Other suitable surface active materials include nonionic agents such as condensates of sorbitan monostearate with approximately 60 moles of ethylene oxide, condensates of ethylene oxide with propylene oxide, condensates of propylene glycol ("Pluronics"), and cationic surface active germicides and antibacterial compounds such as di-isobutylphenoxyethyldimethyl benzyl ammonium chloride, benzyl dimethyl stearyl ammonium chloride, tertiary amines having one fatty alkyl group (of from 12 to 18 carbon atoms) and two (poly) ethylene groups attached to the nitrogen (typically containing a total of from about 2 to 50 ethenoxy groups per molecule) and salts thereof with acids, and compounds of the structure: ##STR1## where R is a fatty alkyl group containing from about 12 to 18 carbon atoms, and x, y and z total 3 or higher, as well as salts thereof with mineral organic acids, may also be used. It is preferred that the total amount of surface-active agent be about 0.05-5% by weight, preferably about 1-3%, of the dentifrice.
Various other materials may be incorporated in the oral preparation of this invention. Examples thereof are coloring or whitening agents such as titanium dioxide, preservatives, silicones, chlorophyll compounds, ammoniated materials, such as urea, diammoniumphosphate and mixtures thereof, and other constituents. Each of these adjuvants may be typically incorporated in the instant toothpastes in amounts up to about 5%.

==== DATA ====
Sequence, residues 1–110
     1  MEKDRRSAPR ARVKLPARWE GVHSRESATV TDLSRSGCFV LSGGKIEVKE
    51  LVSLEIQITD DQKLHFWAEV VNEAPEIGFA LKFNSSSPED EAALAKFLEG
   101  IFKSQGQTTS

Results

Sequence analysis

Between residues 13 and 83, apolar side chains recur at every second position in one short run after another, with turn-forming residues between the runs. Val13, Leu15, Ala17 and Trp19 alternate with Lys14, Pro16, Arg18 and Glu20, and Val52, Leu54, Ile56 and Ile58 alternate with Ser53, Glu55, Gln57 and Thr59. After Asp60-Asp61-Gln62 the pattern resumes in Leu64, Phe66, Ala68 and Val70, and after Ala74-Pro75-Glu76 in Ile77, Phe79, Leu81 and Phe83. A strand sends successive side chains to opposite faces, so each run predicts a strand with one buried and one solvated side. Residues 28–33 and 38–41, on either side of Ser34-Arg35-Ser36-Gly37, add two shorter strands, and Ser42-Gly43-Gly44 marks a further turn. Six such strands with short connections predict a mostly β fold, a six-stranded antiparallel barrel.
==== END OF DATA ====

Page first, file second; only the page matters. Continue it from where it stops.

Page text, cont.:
The toothpaste may also contain antibacterial agents in amounts of about 0.01-5%. Typical examples of such agents are guanidines, biguanides and amines such as:
N1 -(4-chlorobenzyl)-N5 -2,4-(dichlorobenzyl)biguanide;
N1 -3-lauroxypropyl-N5 -p-chlorobenzylbiguanide;
1-(lauryldimethylammonium)-8-(p-chlorobenzyldimethylammonium) octane dichloride;
N1 -p-chlorophenyl-N5 -laurylbiguanide;
5-amino-1, 3-bis (2-ethylhexyl)-5-methylhexahydropyrimidine; and their non-toxic acid addition salts.
Cetyl pyridinium chloride
Suitable flavoring or sweetening sialagogues may be employed in formulating a flavor for the compositions of the present invention. Examples of suitable flavoring constituents include the flavoring oils, e.g., oils of spearmint, peppermint, wintergreen, sassafras, clove, sage, eucalyptus, marjoram, cinnamon, lemon and orange, as well as methyl salicylate. Suitable sweetening agents include sucrose, lactose, maltose, sorbitol, xylitol, sodium cyclamate and saccharin. Suitably, flavor and sweetening agent may together comprise from about 0.01 to 5% more of the compositions of the instant invention.